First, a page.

February 26, 2015Matt and Vivienne Inlow are a married couple that attend George Fox University. They are both music majors in their senior year. Before attending GFU, they attended community college and participated in their church’s youth and music ministries. Because of this, they had several years together as a couple before attending GFU. Matt and Vivienne at 15-2003 Matt and Vivienne at graduation-2006 Matt and Vivienne in Rome-2007 Matt and Vivienne began dating when they were 15 and were engaged when they were 19. I asked them if they thought if people should be a certain age before getting married, or if they believed qualifying for marriage was more concerned with the maturity of the relationship. Vivienne said that she definitely thinks the maturity of the relationship is a larger factor. However, age can be a factor, because a person changes so much from 19 to 30, so you have to be willing to grow as a couple through that. College is a time of change in and of itself. I asked Matt and Vivienne if being married while attending college could be stressful. Matt and Vivienne said that, because they had been married for several years before starting college, it was a little different. Matt said, “[the] first year of marriage, you’re getting to know each other and learning how to live with each other.” Vivienne mentioned that if a couple got married while in college it could be more challenging because of that fact. She said that it would not be bad, but probably challenging. “If you’re really confident with that person,” she said, “…and know it’s the right thing to do, I think it’d be a really cool story and a really cool experience.” Marriage and college could be hard to balance; a common motif for college students is staying up late and getting little sleep. Matt and Vivienne said it is still a part of life as a married couple, if not more. Matt mentioned that when you live off campus you have to cook, clean, and pay bills much more than those who live on campus. Also, when you are married, you have another person’s schedule to worry about—“You have somebody to take care of and be mindful of.” They used the following example: If they were alone, they might do homework while eating dinner, but because they are eating together they decide to watch Netflix or something similar instead. They both realize that marriage adds extra time in your schedule, but also adds extra experiences with a best friend. You have someone to do homework with, a shoulder to cry on, and a friend to walk with you through the stress of the college experience.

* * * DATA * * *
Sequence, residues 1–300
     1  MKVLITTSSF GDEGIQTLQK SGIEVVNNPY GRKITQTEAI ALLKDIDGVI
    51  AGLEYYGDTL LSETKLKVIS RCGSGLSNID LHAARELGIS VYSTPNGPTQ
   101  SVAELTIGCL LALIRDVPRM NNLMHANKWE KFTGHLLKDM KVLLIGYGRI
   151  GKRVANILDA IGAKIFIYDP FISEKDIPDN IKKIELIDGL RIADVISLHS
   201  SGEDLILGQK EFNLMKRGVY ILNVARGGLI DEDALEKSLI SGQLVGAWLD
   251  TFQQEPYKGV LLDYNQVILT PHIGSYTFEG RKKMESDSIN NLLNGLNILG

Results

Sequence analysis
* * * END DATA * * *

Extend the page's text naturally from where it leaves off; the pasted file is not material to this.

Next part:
February 25, 2015Why is suicide a topic that is only broached when it takes someone we love? Why do we wait to learn how to spot the signs of someone who is contemplating taking his or her own life? When someone has thought about harming him or herself, why do we call that person a coward who is pathetically weak? Why do we feel the need to tell people to “snap out of it”? There are many myths spread about suicide and those who have thought about or attempted suicide. Thanks to the uninformed, one of those myths is that the people who kill themselves are pathetic. This is not a conversation, but instead a negative and uneducated rhetorical assumption. As someone who has reached out to many people who have struggled with the thoughts of taking their lives, I can tell you they are far from pathetic. The truth is they are scared, depressed (which is not a choice on their part), and at times feeling that leaving this earth will benefit their family and friends. And yes, we know this is untrue, but in those moments they feel this is real. Suicide will touch each one of us sometime in our lives, whether it is through a well-known, beloved actor such as Robin Williams, or through a co-worker who smiled every time we spoke to him or her. The after-effects are catastrophic, not only for the people left behind but for the community. In the last two months, Newberg has lost two young men to suicide. Loss of life is hard no matter the circumstance, and suicide often leaves more questions and blame than a natural passing. Here at George Fox, suicide prevention is barely talked about. While there was a brief mention of Suicide Prevention Week last fall, and suicide is discussed in some psychology classes, the collective student body, as a whole, is not talking about prevention or awareness. There is no active, educated conversation being led by the administration or by the student body. The Center for Disease Control has warned the world to stop overlooking suicide as something selfish, but instead encourages nations to educate and create prevention awareness. The suicide epidemic kills more people than car accidents, is the third most common killer of young people, and plagues our veterans. Perhaps it is time to ask yourself, “What can I do?” Imagine if a group of students, staff, and faculty took the initiative to either create a program or join a program in which those who are suffering can reach out without fear of judgment. What if the administration made mental health issues a priority on campus so the entire student body could engage? What if they mimicked some of our more outspoken students? Our students share their passions for injustice on campus. A few weeks ago, several brave and passionate students stood outside for 27 hours to bring awareness of human trafficking to campus. Last semester, over twenty students stood in a circle around the quad to protest events in Ferguson, Missouri. So in answer to the question, “What can I do?”, both you and I can create a space for honest, thoughtful, productive conversation here on campus. Suicide is nothing that should be shoved into a corner. We must move to bring it into the light and then talk about how we can prevent it. As the body of Christ, each of us should be looking to hold up one another. Let us be stewards who offer a smile, hand, and friendship to those who are hurting beyond our understanding. One person can make all the difference in someone’s battle with suicide. If you or someone you know is struggling with thoughts of suicide, please call 1-800-273-8255. This is a twenty-four hour hotline.